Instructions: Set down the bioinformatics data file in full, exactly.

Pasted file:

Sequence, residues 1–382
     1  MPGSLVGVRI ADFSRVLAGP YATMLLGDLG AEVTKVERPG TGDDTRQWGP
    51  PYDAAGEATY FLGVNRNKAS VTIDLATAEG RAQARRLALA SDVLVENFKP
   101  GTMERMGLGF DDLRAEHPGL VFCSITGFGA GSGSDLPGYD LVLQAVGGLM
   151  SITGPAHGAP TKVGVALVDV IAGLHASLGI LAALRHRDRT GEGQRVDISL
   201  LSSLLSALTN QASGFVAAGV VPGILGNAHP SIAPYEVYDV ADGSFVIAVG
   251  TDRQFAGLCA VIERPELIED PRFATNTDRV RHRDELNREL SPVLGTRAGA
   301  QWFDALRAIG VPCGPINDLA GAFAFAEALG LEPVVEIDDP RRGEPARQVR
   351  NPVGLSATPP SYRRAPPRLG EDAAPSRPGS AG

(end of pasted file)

Sequence, residues 1–382
     1  MPGSLVGVRI ADFSRVLAGP YATMLLGDLG AEVTKVERPG TGDDTRQWGP
    51  PYDAAGEATY FLGVNRNKAS VTIDLATAEG RAQARRLALA SDVLVENFKP
   101  GTMERMGLGF DDLRAEHPGL VFCSITGFGA GSGSDLPGYD LVLQAVGGLM
   151  SITGPAHGAP TKVGVALVDV IAGLHASLGI LAALRHRDRT GEGQRVDISL
   201  LSSLLSALTN QASGFVAAGV VPGILGNAHP SIAPYEVYDV ADGSFVIAVG
   251  TDRQFAGLCA VIERPELIED PRFATNTDRV RHRDELNREL SPVLGTRAGA
   301  QWFDALRAIG VPCGPINDLA GAFAFAEALG LEPVVEIDDP RRGEPARQVR
   351  NPVGLSATPP SYRRAPPRLG EDAAPSRPGS AG